They fulfill the Yiddish concept of “mensch.” The continuum of mensch-ness we see every day among the men we know and meet begins at the low end of the scale—the weasely conniving coward end, up to, well, enlightened men. These men are not necessarily Buddhist (especially since most Buddhist men in the West are hopelessly inadequate to measure up to this standard), but they are the guys we trust, and who command our admiration. These are the guys who keep cool heads when everyone else is losing theirs.

A man’s menschness is measured by the size of the catastrophe he rises above, but thankfully most of us are never called upon to be a get-down, kick-ass warrior. Champion boxers are only as good as the mightiest fighter they have beaten.

In the mean time, just like the boxers, we train, we train our minds to be tough and strong through vigorous meditation practice so that we are prepared for the catastrophes. And they will come.

We also train through the rigorous practice of compassion toward others. Even if your ability to be compassionate only extends to your ability to empathize and be kind to animals, compassion is nevertheless the alleviation of someone else’s suffering.

You’re going to suffer (if you haven’t already), but the manly way to face suffering is to rise above it. If you suffer congenitally, from trauma, you’re going to have a tough time. But under the circumstances in which the shit hits the fan, if everyone else around you is suffering too, your lofty status helps and reassures them.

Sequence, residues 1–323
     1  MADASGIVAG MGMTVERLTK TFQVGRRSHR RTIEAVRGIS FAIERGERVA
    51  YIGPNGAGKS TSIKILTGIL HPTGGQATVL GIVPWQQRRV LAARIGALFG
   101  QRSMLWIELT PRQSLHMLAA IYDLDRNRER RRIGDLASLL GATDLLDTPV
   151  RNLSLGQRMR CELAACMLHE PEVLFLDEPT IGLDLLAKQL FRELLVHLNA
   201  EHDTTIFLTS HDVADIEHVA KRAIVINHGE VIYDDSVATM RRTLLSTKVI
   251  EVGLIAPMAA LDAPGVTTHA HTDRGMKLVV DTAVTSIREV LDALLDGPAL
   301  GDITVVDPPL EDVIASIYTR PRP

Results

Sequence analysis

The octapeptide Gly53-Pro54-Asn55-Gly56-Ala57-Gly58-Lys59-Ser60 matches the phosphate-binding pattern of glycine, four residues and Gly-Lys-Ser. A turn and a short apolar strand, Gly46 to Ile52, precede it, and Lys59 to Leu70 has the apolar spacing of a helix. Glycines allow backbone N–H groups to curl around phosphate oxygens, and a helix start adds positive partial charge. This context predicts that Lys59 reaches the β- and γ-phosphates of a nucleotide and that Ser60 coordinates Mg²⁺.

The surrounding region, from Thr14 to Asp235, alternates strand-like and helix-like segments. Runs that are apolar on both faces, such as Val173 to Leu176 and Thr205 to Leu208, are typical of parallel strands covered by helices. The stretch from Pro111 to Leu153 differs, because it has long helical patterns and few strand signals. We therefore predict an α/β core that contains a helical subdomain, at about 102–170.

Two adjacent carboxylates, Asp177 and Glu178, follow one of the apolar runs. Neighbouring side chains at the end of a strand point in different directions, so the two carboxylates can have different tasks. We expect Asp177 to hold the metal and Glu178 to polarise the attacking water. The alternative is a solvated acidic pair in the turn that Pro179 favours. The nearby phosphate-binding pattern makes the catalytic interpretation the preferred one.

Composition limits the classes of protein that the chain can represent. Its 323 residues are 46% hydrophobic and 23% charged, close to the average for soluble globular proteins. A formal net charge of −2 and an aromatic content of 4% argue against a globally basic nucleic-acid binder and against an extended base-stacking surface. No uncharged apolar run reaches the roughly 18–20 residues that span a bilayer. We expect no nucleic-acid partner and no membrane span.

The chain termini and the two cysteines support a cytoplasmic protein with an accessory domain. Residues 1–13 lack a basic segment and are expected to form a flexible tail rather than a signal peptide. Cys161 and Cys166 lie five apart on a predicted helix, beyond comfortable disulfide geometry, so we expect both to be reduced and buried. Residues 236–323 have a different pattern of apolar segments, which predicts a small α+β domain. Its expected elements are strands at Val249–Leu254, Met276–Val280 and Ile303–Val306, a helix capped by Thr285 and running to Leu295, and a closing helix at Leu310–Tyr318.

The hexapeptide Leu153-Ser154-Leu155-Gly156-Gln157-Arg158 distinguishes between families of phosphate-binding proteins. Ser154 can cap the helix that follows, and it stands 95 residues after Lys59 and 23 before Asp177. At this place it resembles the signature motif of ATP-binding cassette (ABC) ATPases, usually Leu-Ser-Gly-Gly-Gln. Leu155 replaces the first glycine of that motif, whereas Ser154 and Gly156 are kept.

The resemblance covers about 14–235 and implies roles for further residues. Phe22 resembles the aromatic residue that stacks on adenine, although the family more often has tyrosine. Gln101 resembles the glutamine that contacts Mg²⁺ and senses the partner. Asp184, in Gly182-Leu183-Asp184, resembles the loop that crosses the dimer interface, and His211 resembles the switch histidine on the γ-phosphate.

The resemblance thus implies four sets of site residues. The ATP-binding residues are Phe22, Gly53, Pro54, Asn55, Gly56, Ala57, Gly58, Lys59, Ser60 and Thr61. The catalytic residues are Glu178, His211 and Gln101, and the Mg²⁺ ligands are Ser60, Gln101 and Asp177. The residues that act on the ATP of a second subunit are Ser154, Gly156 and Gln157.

Warriors render whatever assistance they can.

Be a mensch. You’ll love yourself for it.

 

Photo: (source)

Editor: Dana Gornall

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Gerald "Strib" Stribling

Gerald “Strib” Stribling is the author of Buddhism for Dudes: A Jarhead’s Field Guide to Mindfulness (Wisdom Publications, 2015). His past incarnations have included farm hand, steelworker, U.S. Marine, elementary school teacher, and social services professional. Strib volunteered to teach English to children in Sri Lanka as a personal response to 9-11. There he studied with some of the most highly revered monks in Theravada Buddhism. During three of his seven months in the island nation, he actually resided in a Buddhist monastery.

He wrote Buddhism for Dudes as a not-so-subtle, basic examination of the essence of Buddhist philosophy. It’s short and funny and to the point. “Way too much Buddhist information is too complicated to wade through, and some of it is fairyland voodoo, full of metaphysical improbabilities. Buddhism isn’t a religion, it’s a way to live a happy life. This is not hard stuff to understand.”

Stribling writes a blog called Buddhism for Tough Guys. “There are lots of tough guy Buddhists out there willing to take a bullet for anybody. One of their mottoes is ‘Just because I am a person who loves peace doesn’t mean that I have forgotten how to be violent’.” He once broke up an assault with a little kitchen broom. “It’s my best story,” he says.

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By | 2016-10-14T07:48:03+00:00 June 7th, 2016|blog, Buddhism, Buddhism for Dudes, Featured|0 Comments